Album Review – Adam Stafford

Adam Stafford -‘Fire Behind The Curtain.’ (Song, By Toad)

Album dedications don’t usually give you much of an idea about what to expect from an album. Adam Stafford’s new album isn’t your usual album. Even as a teetotaller, it’s easy to be swayed by the description of an album that is described as being ‘dedicated to anyone who has ever been hungover’, but also extends that dedication to the ‘down-and-out, running from themselves, running for their life, trapped in prisons internal and external.’ Eight years in the making, the album covers some intense and emotional ground, and gives the listener not only plenty to listen to, but also to think about.

Having been described elsewhere as ‘a neo-classical album that deals directly with depression,’ it might seem as if this album on paper (never mind on speakers or headphones) might be heavy-going. Let’s dismiss this right away: while it’s not easy-listening muzak, it’s actually an album to fall for without much difficulty, and to enjoy being swept away by. If there seems to be a lot going on here – not just musically, but emotionally, too – it is an inviting album, rather than one that seeks the alienate the listener. The opening track ‘An Abacus Designed To Calculate Infinity’ could suggest math-rock – and while there are indeed hints within, for my money, there is also a link to Virginia Astley’s 1983 pastoral masterpiece From Gardens Where We Feel Secure. It evokes images of beautiful countryside scenes being overtaken by the arrival of the factories during the industrial revolution- a fitting analogy for the struggles of the delay grind as we get older. This is a work that references the likes of American minimalist composers like Philip Glass and Steve Reich, the latter a particularly acknowledged influence on this album. Nowhere more so is this the case than on ‘Zero Disruption’ with its allusion to hallucinations.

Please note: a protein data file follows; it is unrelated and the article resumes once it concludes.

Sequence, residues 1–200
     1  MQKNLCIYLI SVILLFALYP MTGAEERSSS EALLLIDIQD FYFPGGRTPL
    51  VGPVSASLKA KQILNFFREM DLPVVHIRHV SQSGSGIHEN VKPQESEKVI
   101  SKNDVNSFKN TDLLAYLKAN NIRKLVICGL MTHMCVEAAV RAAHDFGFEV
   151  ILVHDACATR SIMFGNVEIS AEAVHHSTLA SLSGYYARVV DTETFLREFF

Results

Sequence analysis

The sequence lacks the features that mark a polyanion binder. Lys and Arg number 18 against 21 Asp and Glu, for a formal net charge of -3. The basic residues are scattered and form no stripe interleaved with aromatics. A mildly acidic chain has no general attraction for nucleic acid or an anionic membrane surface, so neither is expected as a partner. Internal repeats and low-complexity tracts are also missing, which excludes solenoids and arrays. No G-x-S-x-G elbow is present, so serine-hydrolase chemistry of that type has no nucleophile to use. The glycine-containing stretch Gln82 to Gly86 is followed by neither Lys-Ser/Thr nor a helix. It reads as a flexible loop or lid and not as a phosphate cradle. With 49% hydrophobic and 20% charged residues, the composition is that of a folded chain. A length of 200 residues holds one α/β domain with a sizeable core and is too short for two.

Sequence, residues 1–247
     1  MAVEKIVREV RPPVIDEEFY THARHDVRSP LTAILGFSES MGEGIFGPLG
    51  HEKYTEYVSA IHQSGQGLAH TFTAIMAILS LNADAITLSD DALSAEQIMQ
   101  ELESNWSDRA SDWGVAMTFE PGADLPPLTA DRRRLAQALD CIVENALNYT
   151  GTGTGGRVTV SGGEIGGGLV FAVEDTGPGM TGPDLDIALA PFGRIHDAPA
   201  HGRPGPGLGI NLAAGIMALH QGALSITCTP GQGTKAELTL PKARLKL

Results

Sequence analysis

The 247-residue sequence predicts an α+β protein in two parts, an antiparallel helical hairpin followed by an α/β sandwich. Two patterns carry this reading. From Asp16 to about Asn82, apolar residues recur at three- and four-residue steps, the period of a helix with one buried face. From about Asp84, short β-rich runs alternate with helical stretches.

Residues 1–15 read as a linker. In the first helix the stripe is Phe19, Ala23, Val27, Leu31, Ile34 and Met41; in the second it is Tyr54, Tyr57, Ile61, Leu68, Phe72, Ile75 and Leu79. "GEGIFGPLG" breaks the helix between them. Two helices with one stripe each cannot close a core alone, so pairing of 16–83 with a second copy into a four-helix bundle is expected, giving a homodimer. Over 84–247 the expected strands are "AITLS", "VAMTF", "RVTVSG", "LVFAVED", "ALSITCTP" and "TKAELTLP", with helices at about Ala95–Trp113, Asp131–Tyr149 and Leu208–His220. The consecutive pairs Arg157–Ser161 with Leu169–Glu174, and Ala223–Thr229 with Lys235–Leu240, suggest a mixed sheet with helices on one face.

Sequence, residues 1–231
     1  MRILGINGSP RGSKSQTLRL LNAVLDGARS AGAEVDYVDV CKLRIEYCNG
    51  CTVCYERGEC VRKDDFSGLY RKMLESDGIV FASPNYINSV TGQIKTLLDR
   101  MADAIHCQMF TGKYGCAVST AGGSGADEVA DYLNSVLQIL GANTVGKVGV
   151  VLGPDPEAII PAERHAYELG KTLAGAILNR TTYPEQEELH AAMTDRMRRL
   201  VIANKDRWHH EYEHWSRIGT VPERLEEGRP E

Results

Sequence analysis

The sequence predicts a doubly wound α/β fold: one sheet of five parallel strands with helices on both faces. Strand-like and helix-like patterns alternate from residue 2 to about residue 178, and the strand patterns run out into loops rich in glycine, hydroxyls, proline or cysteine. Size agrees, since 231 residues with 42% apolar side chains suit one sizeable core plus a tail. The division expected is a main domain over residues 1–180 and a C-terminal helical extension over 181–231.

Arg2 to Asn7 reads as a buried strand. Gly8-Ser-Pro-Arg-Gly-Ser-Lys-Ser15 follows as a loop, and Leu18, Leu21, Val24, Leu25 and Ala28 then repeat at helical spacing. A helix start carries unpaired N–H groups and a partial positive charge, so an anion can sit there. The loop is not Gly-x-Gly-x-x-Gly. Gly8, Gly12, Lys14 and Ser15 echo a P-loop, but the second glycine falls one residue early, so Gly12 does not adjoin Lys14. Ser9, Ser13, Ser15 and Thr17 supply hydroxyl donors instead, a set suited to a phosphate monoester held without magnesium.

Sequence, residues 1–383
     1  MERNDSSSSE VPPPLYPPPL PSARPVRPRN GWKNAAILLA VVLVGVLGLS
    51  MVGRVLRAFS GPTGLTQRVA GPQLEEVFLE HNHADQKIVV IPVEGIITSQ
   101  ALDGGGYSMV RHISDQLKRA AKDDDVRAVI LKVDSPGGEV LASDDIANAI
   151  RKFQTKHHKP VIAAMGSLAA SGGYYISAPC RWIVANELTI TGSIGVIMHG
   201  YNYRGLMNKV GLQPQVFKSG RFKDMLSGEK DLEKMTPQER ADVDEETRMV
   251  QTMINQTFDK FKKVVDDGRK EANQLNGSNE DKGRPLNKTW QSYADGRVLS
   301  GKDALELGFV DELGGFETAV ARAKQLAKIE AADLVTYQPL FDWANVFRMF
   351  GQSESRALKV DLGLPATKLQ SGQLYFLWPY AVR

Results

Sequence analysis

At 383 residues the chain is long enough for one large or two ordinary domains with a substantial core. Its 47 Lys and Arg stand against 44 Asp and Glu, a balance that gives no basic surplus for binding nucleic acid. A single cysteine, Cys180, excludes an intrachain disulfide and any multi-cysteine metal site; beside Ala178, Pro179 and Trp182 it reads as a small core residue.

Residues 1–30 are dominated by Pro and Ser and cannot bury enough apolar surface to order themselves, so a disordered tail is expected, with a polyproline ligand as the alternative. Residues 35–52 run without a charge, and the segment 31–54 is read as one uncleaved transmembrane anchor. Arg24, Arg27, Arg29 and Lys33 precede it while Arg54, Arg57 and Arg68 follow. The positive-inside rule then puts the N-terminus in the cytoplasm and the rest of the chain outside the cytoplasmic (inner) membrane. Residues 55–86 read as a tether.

Stafford’s skill is such that even during a piece (‘Songs’ feels inaccurate for the music on this record) that’s short, the music can move you close to tears. The album name comes from ‘Strangers Care When You Burn’ which references his own grandfather’s funeral and the point at which the coffin disappears behind the curtain; how he believed that that was the point at which the cremation started. While some rely on lyrics to communicate their feelings and emotions, Stafford’s musical textures paint a thousand words – dismissing toxic masculinity on ‘Museum Of Grinding Dicks,’ or seventeenth century misogyny on ‘The Witch Hunt.’

Stafford has been open about his battles with depression and anxiety, which stretch back to childhood. I sincerely hope that this release affords him some kind of light, because it is a very accomplished album indeed. This year marks the tenth anniversary of Song, By Toad as a label. Whilst there have been a number of excellent releases over that time, this may stand as perhaps the most stunning piece of art to have been released so far on the label.


Fire Behind The Curtain is released on May 4.

Track of the day #54: Adam Stafford

Photo credit: David P. Scott

Edinburgh’s Song, By Toad Records continue to be frustratingly brilliant. Their next release will be Adam Stafford’s neoclassical album Fire Behind The Curtain.